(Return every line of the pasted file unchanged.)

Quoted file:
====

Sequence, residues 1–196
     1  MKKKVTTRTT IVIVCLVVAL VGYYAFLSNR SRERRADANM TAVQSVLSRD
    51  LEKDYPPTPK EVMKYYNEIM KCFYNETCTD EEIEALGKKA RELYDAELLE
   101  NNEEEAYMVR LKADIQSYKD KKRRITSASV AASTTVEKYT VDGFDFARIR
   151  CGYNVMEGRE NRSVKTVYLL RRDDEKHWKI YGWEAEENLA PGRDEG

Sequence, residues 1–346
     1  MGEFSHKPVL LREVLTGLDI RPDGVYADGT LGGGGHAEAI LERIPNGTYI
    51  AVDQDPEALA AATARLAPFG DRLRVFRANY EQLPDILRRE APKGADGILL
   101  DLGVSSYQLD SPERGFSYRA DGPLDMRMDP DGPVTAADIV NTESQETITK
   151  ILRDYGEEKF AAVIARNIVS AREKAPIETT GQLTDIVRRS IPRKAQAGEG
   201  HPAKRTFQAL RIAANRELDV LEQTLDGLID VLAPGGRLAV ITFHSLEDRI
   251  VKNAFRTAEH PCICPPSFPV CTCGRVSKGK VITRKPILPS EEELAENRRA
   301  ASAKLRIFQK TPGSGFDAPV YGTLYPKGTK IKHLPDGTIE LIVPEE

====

Sequence, residues 1–196
     1  MKKKVTTRTT IVIVCLVVAL VGYYAFLSNR SRERRADANM TAVQSVLSRD
    51  LEKDYPPTPK EVMKYYNEIM KCFYNETCTD EEIEALGKKA RELYDAELLE
   101  NNEEEAYMVR LKADIQSYKD KKRRITSASV AASTTVEKYT VDGFDFARIR
   151  CGYNVMEGRE NRSVKTVYLL RRDDEKHWKI YGWEAEENLA PGRDEG

Sequence, residues 1–346
     1  MGEFSHKPVL LREVLTGLDI RPDGVYADGT LGGGGHAEAI LERIPNGTYI
    51  AVDQDPEALA AATARLAPFG DRLRVFRANY EQLPDILRRE APKGADGILL
   101  DLGVSSYQLD SPERGFSYRA DGPLDMRMDP DGPVTAADIV NTESQETITK
   151  ILRDYGEEKF AAVIARNIVS AREKAPIETT GQLTDIVRRS IPRKAQAGEG
   201  HPAKRTFQAL RIAANRELDV LEQTLDGLID VLAPGGRLAV ITFHSLEDRI
   251  VKNAFRTAEH PCICPPSFPV CTCGRVSKGK VITRKPILPS EEELAENRRA
   301  ASAKLRIFQK TPGSGFDAPV YGTLYPKGTK IKHLPDGTIE LIVPEE